There is no doubt to me, or perhaps to any Protestant Christian, the term “purgatory” is followed with such nail biting disgust. Seemingly so, almost every Protestant dismisses the doctrine without even coming close to understanding the essential nature and properties of the doctrine of purgatory. Due to the Catholic Church’s overly corrupted use of such a doctrine, most in western theology have grown bitter towards the doctrine of purgatory, as Martin Luther once did (perhaps, rightly so!).
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May 17th, 2013
I just saw one of the comments by Jim in a previous post (Face the Facts–There are Gaps in Biblical Genealogies) and I thought I’d briefly add some thought to it.
Max. Thank you. Excellent post as usual. Hitchens also used the 250,000 number frequently in his debates so as to make the point “look at your horrendous God – willing to allow all those generations to perish before he sent a savior…” He had no idea that Scripture clearly affirms a retroactive efficaciousness to the Atonement.
I’ve seen this objection made against Christianity several times and it’s a rather horrendous objection (bolded). I’ve never researched the numbers on how many people have existed before the coming of Jesus and I don’t know how many people have existed since Jesus. I don’t think the numbers really matter that much, to be honest.
I don’t understand why anyone thinks this is such a horrendous concept. Obviously, this is an internal issue particular to Christianity. Christian doctrine never makes the claim that salvation was impossible prior to the resurrection of Jesus. I think it’s quite clear that the New Testament (well, OT too!) teaches that the atonement applied to those who came before Christ as well as those succeeding Christ. So what’s the problem?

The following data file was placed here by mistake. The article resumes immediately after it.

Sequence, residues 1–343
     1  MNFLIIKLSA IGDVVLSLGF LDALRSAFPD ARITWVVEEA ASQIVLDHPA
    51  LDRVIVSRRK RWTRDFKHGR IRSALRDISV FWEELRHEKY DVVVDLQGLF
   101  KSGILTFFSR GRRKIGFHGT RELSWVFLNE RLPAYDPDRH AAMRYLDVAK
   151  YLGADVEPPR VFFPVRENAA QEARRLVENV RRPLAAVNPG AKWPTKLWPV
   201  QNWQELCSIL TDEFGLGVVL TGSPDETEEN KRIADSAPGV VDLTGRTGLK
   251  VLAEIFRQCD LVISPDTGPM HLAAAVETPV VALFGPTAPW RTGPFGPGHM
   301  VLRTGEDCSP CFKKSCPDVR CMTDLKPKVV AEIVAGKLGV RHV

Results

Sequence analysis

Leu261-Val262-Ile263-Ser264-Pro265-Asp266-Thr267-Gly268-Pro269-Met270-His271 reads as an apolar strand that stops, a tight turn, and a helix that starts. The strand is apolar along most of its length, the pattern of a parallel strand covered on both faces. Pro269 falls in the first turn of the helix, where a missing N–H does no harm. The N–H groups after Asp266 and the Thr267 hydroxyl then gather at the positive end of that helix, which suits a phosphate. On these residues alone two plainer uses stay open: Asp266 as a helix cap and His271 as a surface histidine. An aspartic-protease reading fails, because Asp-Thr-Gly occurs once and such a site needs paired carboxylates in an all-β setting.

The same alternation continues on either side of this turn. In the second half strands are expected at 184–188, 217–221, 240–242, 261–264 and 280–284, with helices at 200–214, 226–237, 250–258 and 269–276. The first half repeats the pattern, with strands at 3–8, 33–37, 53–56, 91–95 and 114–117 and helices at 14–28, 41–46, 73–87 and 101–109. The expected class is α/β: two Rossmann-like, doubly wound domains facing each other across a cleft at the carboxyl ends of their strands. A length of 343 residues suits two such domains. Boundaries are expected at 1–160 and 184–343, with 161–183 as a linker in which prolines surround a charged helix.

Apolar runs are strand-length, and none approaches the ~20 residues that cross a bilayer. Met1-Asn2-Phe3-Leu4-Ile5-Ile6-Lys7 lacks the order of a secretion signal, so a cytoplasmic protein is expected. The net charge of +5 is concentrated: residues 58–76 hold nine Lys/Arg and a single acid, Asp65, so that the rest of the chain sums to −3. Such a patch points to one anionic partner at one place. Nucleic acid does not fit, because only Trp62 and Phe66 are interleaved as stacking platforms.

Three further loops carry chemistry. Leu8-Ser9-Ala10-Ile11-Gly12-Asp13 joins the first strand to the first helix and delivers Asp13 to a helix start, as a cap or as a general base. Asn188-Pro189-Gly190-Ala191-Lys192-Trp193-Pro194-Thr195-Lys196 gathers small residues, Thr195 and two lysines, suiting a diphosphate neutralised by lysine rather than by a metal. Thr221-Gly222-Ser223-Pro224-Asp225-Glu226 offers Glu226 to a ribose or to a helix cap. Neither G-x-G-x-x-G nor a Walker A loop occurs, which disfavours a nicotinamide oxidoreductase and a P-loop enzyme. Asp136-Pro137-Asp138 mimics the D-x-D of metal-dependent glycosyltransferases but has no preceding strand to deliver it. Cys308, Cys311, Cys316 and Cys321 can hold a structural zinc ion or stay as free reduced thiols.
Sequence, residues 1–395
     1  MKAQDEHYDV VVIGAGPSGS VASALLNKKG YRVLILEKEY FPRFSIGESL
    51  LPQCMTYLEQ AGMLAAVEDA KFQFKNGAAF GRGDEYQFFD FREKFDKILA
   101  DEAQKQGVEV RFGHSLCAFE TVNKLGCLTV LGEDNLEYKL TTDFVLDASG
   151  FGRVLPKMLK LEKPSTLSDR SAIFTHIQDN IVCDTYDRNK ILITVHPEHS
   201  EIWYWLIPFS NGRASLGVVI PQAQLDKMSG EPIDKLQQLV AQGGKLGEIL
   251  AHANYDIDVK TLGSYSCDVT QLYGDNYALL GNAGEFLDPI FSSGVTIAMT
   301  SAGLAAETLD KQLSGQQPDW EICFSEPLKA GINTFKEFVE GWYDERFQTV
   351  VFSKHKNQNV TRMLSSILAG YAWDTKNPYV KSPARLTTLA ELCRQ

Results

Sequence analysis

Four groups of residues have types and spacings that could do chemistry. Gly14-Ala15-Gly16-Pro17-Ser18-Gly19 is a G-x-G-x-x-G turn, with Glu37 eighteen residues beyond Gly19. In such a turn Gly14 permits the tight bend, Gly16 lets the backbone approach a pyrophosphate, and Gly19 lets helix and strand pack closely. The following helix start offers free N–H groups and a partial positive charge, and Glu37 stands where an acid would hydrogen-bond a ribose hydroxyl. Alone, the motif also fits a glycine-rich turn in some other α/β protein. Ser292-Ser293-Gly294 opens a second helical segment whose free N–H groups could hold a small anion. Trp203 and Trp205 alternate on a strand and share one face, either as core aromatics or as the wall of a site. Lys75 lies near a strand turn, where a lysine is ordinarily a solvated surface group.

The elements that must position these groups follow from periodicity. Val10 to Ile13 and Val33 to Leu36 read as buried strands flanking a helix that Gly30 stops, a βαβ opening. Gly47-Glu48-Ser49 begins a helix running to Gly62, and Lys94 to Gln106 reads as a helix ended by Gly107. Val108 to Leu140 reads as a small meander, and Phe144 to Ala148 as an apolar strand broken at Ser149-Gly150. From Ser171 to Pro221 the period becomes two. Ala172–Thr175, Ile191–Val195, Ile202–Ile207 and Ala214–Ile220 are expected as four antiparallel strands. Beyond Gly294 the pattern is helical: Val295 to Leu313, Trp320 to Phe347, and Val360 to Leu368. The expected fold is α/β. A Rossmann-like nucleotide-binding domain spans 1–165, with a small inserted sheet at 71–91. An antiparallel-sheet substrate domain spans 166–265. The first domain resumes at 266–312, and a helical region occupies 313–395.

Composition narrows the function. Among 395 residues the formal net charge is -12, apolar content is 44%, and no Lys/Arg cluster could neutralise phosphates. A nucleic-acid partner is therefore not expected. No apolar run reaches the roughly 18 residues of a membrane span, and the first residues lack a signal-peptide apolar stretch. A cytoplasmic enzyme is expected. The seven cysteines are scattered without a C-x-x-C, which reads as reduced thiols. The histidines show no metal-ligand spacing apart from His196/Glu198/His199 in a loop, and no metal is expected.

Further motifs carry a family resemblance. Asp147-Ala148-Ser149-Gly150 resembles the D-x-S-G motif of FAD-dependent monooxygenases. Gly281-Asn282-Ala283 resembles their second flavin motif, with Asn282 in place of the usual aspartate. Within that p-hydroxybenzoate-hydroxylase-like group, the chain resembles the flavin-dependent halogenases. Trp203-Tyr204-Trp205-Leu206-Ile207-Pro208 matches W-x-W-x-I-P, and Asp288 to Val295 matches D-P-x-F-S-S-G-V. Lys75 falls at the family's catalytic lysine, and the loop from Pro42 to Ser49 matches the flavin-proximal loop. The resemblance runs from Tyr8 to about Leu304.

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May 16th, 2013
There’s that one question that has plagued Christians on anthropological origins. Many young earth creationists claim there cannot be any gaps in the genealogy, which is what leads us to dating the time frame of the earth being young. Old earth creationists, like myself, believe that there are gaps in the genealogy. The question is whether it explains anything at all and how much does it explain?
The genealogies are adequate but not complete. No matter how you read the genealogies, you must concede that there are gaps. For example Mt. 1.8:
Asa the father of Jehoshaphat, Jehoshaphat the father of Jehoram, Jehoram the father of Uzziah.
However, 1 Chron. 3.10-12 reads it differently:
Asa his son, Jehoshaphat his son, Jehoram his son, Ahaziah his son, Joash his son, Amaziah his son, Azariah [also called Uzziah] his son.
Why did Matthew leave out three generations: Ahaziah, Joash, and Amaziah? Scholars cite some reasons for the seeming discrepancy. In many biblical lists of descendants, cadence and pattern hold great importance. Matthew presented three groups of fourteen generations each: fourteen from Abraham to David; another fourteen from David to the Babylonian exile; and a third set of fourteen from the Babylonian exile to Jesus.